As the Zen master said- “just sit”.

Meditation should not be confused with  “mindfulness” which, while closely related in intent,  uses  a range of specific exercises aimed at  focussing the mind on our feelings and bodily sensations and may  include components of meditation.

I often hear people say; “I cant do meditation”. To me, that’s like saying,”I can’t exercise”. Focused meditation takes time, persistence and practice.  Think of your mind as just  a wild child!  For as long as you can  remember, (literally) you’ve never given it any rules or guidance.  It’s been  left to roam anywhere it wants to, whenever it wants,  and  when you start laying down  the rules, it ain’t going to  like it!

As someone said to me not so long ago: “I think,  therefore I feel”. Maybe  that’s a little simplistic, but it’s  largely true. Most of our emotions, except for those  delivered via our subconscious or our primeval  automatic responses to  threat  and pleasure, are the direct result of our conscious thought processes. If we can  focus our thoughts more finely, through  the  regular  “mindgym” of meditation or mindfulness, we can  learn to  escape the pain  of those constant repetitive negative thoughts, or  the  reminders of the grief or those traumas we have experienced; and we can become much  more open to the direct  experience of “right now” and all  the joys that  holds. That  doesn’t mean  we  bottle up  our emotions  as they  arise with our thoughts, and hide them  away.  It simply we means we experience them  and then let them go. We are no longer at  the mercy of the randomness of the past we have experienced.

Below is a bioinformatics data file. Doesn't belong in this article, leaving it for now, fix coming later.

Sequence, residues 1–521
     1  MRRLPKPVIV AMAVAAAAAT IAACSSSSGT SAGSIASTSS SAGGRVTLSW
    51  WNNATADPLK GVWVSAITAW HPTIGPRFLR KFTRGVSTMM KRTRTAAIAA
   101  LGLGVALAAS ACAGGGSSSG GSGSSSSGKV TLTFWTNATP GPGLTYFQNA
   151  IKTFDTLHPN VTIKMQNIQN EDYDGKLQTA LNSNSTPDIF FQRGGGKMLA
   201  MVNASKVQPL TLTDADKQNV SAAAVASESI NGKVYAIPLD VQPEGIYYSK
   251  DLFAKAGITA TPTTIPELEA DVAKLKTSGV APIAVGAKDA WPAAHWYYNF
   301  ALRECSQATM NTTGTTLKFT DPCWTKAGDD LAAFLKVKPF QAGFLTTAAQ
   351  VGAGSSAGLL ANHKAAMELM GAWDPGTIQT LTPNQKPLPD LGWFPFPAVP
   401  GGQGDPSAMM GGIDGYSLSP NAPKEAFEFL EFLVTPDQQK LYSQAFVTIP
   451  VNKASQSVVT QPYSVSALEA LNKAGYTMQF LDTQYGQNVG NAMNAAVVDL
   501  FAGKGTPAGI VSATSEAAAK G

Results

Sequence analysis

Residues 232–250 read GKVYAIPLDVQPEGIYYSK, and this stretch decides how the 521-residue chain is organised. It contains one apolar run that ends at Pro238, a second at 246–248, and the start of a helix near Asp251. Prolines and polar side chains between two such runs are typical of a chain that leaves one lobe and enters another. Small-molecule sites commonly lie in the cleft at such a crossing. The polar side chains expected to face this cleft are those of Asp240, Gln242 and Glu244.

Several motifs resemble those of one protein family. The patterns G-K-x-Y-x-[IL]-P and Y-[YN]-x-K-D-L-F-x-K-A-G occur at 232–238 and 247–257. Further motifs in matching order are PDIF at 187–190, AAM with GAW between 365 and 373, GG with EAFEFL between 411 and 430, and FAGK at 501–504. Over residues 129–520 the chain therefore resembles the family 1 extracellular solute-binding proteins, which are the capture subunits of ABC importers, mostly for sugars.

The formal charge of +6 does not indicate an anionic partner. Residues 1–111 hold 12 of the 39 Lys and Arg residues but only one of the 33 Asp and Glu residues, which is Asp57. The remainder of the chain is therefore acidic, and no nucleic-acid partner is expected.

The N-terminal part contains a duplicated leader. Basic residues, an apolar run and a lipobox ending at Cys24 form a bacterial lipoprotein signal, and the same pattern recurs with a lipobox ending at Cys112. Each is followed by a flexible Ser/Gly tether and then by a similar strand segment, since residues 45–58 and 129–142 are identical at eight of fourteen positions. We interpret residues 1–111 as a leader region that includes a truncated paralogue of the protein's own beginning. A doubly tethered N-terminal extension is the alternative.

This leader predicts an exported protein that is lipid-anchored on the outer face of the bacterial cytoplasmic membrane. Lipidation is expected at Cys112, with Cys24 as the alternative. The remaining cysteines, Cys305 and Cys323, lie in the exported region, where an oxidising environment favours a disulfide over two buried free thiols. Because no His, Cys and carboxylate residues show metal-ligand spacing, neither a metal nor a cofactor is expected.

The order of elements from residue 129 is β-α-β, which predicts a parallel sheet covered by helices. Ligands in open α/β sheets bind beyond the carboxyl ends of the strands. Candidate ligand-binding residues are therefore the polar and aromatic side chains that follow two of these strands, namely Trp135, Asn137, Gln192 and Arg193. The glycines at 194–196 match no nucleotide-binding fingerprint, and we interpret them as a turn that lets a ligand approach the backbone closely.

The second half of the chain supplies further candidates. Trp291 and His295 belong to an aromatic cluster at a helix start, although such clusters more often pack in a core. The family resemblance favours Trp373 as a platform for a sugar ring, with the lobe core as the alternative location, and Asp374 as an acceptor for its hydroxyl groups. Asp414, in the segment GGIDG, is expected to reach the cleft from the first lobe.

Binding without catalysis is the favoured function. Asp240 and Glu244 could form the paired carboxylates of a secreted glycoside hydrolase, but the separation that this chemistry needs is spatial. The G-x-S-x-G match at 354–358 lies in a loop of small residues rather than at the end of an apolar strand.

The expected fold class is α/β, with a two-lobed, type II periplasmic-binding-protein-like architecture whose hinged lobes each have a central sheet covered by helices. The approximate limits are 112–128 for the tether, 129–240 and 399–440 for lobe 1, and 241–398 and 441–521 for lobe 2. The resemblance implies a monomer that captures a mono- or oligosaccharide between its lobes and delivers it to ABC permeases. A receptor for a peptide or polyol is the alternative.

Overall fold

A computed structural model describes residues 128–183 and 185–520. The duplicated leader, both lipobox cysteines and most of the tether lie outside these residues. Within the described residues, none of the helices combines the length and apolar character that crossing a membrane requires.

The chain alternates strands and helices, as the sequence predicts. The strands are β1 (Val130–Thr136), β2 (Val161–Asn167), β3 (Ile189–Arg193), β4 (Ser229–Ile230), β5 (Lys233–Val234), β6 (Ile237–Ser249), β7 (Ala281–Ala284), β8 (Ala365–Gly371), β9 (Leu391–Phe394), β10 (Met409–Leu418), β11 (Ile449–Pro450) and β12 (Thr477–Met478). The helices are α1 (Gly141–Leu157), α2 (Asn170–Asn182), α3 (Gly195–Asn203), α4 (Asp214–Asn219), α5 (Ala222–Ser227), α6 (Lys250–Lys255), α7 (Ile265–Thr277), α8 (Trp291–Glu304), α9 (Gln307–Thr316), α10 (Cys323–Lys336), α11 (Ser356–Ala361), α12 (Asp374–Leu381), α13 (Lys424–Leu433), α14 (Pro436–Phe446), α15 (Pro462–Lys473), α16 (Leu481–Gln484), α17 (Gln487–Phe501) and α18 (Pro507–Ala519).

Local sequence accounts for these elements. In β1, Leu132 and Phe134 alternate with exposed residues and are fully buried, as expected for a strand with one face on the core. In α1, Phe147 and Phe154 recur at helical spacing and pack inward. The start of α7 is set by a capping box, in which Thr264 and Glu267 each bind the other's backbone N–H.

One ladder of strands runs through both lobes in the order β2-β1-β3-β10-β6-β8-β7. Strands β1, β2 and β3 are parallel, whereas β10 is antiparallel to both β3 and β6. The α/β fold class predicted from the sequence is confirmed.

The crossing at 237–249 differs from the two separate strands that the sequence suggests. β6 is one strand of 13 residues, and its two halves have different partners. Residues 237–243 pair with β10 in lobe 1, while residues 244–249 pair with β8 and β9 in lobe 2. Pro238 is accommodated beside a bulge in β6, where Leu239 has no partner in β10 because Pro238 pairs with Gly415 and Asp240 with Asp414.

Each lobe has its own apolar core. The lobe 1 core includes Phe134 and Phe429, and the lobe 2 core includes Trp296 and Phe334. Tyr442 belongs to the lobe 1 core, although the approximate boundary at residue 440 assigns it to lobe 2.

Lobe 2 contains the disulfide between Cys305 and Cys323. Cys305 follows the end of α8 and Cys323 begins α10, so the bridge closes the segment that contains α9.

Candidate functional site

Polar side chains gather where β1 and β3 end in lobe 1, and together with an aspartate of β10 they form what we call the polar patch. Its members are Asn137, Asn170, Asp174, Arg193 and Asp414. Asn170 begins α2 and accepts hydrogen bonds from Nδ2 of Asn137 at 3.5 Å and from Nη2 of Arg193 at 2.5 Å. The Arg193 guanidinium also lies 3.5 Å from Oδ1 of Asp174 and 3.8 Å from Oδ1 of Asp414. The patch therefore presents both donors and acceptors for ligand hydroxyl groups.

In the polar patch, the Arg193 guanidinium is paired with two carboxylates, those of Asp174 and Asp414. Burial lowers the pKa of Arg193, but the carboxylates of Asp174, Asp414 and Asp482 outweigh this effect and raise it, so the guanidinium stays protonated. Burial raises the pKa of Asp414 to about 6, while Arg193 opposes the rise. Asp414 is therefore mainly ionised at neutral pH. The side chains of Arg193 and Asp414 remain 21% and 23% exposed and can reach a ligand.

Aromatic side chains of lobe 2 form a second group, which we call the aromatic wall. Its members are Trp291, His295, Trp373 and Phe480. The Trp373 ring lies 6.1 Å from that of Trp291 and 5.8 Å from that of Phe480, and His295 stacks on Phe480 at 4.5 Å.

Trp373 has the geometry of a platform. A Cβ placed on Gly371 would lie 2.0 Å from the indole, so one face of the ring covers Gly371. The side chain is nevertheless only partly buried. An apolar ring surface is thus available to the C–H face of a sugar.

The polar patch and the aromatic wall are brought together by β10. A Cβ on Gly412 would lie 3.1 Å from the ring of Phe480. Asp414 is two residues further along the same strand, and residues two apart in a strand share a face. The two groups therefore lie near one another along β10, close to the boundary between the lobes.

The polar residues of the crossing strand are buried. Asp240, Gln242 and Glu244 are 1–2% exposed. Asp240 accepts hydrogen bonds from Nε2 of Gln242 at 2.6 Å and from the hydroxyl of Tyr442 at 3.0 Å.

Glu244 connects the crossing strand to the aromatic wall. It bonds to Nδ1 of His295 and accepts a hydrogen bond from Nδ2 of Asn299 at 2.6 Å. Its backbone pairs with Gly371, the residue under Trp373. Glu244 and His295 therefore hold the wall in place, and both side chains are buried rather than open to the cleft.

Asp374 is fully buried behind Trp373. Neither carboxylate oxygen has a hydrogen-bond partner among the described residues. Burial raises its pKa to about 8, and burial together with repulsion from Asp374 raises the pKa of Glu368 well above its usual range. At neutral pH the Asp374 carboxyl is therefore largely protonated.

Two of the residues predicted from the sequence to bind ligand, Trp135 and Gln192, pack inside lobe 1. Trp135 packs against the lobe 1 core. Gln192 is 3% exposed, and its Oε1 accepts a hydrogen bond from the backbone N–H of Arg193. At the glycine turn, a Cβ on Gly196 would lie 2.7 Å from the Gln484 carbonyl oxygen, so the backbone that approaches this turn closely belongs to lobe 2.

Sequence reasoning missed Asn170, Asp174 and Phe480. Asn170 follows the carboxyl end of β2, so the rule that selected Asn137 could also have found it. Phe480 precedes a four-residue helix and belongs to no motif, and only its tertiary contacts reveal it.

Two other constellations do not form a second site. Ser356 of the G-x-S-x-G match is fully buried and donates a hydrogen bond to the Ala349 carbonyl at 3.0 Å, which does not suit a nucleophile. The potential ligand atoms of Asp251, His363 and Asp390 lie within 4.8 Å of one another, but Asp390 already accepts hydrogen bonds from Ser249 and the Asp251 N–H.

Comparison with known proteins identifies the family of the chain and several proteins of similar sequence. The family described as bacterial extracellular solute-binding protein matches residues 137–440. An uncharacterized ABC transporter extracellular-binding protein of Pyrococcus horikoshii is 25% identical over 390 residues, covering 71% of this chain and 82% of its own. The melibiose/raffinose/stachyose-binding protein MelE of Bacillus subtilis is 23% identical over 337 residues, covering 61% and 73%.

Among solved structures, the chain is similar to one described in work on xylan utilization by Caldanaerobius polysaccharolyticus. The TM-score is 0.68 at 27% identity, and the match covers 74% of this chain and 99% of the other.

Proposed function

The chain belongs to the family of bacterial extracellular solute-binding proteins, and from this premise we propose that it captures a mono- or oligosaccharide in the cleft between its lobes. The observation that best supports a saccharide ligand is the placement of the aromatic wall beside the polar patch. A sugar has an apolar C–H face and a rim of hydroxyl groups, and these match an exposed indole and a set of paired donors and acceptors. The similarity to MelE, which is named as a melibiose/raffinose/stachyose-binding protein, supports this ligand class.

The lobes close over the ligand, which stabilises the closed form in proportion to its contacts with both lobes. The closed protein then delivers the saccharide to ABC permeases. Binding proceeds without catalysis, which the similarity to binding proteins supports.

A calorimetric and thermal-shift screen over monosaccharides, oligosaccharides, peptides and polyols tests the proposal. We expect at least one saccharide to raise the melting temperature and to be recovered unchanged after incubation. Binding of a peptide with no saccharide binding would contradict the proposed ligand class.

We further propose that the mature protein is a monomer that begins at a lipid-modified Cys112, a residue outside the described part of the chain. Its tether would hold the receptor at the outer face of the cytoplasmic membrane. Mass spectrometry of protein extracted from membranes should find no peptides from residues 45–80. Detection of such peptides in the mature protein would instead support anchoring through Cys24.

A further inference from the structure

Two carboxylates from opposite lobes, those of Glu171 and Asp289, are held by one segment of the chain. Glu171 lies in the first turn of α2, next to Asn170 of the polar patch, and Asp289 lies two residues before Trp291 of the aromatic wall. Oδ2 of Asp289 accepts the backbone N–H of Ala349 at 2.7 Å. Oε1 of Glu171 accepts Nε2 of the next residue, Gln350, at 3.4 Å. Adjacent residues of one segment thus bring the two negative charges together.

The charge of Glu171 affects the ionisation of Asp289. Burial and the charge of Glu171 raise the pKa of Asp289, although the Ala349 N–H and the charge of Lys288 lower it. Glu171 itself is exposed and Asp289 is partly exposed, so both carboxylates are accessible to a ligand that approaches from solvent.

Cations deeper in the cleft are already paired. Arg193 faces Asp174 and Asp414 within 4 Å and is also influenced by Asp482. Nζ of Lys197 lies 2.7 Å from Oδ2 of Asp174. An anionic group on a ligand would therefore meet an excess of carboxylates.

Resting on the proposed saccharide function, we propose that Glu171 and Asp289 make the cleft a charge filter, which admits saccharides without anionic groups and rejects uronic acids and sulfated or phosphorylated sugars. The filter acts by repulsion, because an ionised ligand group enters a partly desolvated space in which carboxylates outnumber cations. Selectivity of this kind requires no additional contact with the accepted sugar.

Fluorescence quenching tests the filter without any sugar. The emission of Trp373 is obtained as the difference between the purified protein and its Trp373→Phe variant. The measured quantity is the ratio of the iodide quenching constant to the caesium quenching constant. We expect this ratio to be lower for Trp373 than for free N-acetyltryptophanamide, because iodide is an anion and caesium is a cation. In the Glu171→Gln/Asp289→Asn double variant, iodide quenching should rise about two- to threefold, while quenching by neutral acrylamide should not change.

Making yourself sit in  your meditation position at a regular time and place each  day (ideally twice a day  before meals) helps to bring your mind into  the space where you can gently bring your thoughts  back  to  whatever your choice of focus is,  time after time. Be patient with  that  wild child!

 


LINKS


Mindfulness Online Course
https://sites.google.com/site/mindfulnessonlinecourse/


Palouse Mindfulness
http://palousemindfulness.com/selfguidedMBSR.html


 

Meditation Techniques for Beginners
http://meditationtechniqueforbeginners.com/